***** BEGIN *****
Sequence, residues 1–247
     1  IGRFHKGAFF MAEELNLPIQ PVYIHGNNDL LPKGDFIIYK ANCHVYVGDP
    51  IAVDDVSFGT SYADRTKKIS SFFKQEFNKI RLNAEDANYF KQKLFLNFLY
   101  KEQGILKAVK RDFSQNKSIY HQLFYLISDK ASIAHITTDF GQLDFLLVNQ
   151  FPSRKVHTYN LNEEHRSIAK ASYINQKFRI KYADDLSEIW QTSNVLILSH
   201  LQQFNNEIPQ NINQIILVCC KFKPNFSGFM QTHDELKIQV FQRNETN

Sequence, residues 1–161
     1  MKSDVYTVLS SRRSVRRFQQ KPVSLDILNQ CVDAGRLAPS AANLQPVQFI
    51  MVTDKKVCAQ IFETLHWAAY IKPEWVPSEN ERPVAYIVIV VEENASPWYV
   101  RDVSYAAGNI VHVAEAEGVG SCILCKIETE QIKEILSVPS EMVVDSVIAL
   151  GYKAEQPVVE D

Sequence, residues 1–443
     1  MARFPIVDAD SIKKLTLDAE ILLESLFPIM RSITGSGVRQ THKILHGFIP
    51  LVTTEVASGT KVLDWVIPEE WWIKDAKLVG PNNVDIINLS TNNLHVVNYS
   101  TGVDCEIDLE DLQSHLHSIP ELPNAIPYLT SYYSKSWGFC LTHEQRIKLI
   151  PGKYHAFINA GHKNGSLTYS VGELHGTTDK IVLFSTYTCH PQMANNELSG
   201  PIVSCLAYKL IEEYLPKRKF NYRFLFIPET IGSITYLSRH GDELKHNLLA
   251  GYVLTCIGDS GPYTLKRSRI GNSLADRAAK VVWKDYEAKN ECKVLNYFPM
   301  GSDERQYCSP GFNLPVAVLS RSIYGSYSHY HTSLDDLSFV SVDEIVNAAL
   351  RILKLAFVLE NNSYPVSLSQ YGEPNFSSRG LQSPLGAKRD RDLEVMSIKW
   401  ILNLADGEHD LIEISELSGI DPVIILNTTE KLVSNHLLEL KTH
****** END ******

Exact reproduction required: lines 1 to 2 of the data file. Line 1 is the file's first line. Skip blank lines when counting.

Sequence, residues 1–247
     1  IGRFHKGAFF MAEELNLPIQ PVYIHGNNDL LPKGDFIIYK ANCHVYVGDP